Discovery Kids on NBC (2002–2006)[edit]

On January 6, 2002, NBC entered into an agreement with the Discovery Communications-owned Discovery Kids channel to air that channel's original programming as part of a new block called "Discovery Kids on NBC".[1] Originally, the schedule consisted of only live-action series including Trading Spaces: Boys vs. Girls, a kid-themed version of Trading Spaces and J. D. Roth's Emmy-nominated reality game show Endurance, but later expanded to include some animated series such as Kenny the Shark, Tutenstein and Time Warp Trio. This was a time-lease agreement for NBC to provide E/I-compliant programming to their affiliates rather than having any network input or production. In 2006, Discovery Kids on NBC was renamed Qubo on NBC.

qubo on NBC (2006–2012)[edit]

In May 2006, NBC announced plans to launch a new children's program block on Saturday mornings starting in September 2006 as part of the Qubo endeavor that originally served as a joint venture between parent company NBC Universal, Ion Media Networks (which is now sole owner of Qubo Channel and its related program blocks), Scholastic Press, Classic Media and Corus Entertainment subsidiary Nelvana.[2] Qubo included children's program blocks airing on NBC, co-owned Spanish-language network Telemundo and Ion Media Networks's Ion Television, as well as a 24/7 digital broadcast channel, video on demand services and a branded website. The NBC and Telemundo blocks ended on June 30, 2012; however, Ion Television continues to retain its own Qubo block.

None of the partners has publicly explained why the name "qubo" was chosen, or why its logo is a cube, although in an interview with general manager Rick Rodriguez, he stated that the name was supposed to be something which sounded fun, and could easily be used in both English and Spanish.[3]

When Qubo on NBC began on September 9, 2006, the programs aired as part of the block included VeggieTales, Dragon (TV series), 3-2-1 Penguins!, Babar (TV series), Jane and the Dragon (TV series), Jacob Two-Two (TV series) and Postman Pat. Initially, the VeggieTales broadcasts did not feature the religious content that was incorporated into the videos before and after the main feature. This drew criticism for the block and NBC in particular from the conservative watchdog group Parents Television Council, as well as VeggieTales co-creator Phil Vischer, who claims that he was unaware of the intent to edit out religious content when the program was acquired for Qubo.[4] Starting in 2012, Qubo on NBC was renamed NBC Kids.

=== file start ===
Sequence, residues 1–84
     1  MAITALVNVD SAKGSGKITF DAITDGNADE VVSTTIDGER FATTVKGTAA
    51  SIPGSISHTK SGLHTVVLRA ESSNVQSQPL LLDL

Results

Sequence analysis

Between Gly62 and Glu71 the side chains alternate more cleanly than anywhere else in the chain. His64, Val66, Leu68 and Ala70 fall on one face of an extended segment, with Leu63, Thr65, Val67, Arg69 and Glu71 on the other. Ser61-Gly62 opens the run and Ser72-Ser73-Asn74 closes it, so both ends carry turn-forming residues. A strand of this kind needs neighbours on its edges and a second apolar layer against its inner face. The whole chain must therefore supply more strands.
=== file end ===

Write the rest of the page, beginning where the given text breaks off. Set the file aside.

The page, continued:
NBC Kids (2012–present)[edit]

On March 28, 2012, NBC announced that it would lease its Saturday morning programming time to Sprout (TV network) (which became a sister television property to NBC following its 2010 purchase by Comcast) and launch a new Saturday morning block aimed at preschoolers called NBC Kids. Qubo on NBC ended its run on June 30, 2012. NBC Kids debuted one week later on July 7, 2012.

Scheduling issues[edit]

Not all shows within NBC's Saturday morning block are seen on all stations. Occasionally, some or all programs are subject to delay or pre-emption because of local affiliates scheduling local or syndicated programs, or delayed by the network due to sporting events such as the Summer Olympic Games, the French Open, the USGA's U.S. Open or The Presidents Cup or English Premier League soccer.


  1. ^ a b Bernstein, Paula (December 4, 2001). "Discovery set to kid around with Peacock". Variety. Retrieved 2009-08-13. 
  2. ^ Crupi, Anthony (2006-03-16). "Discovery, NBC to End Sat. Kids Block". Mediaweek. Archived from the original on 2008-02-07. Retrieved 2008-03-25. 
  3. ^ "Qubo's Rodriguez: Offering a 'Building Block’ to Kids". Retrieved 2008-02-16. 
  4. ^ Associated Press (22 September 2006). "God references quashed; 'VeggieTales creator steamed". Entertainment News (Los Angeles, California, United States: CNN). Archived from the original on 4 October 2006. Retrieved 22 June 2009.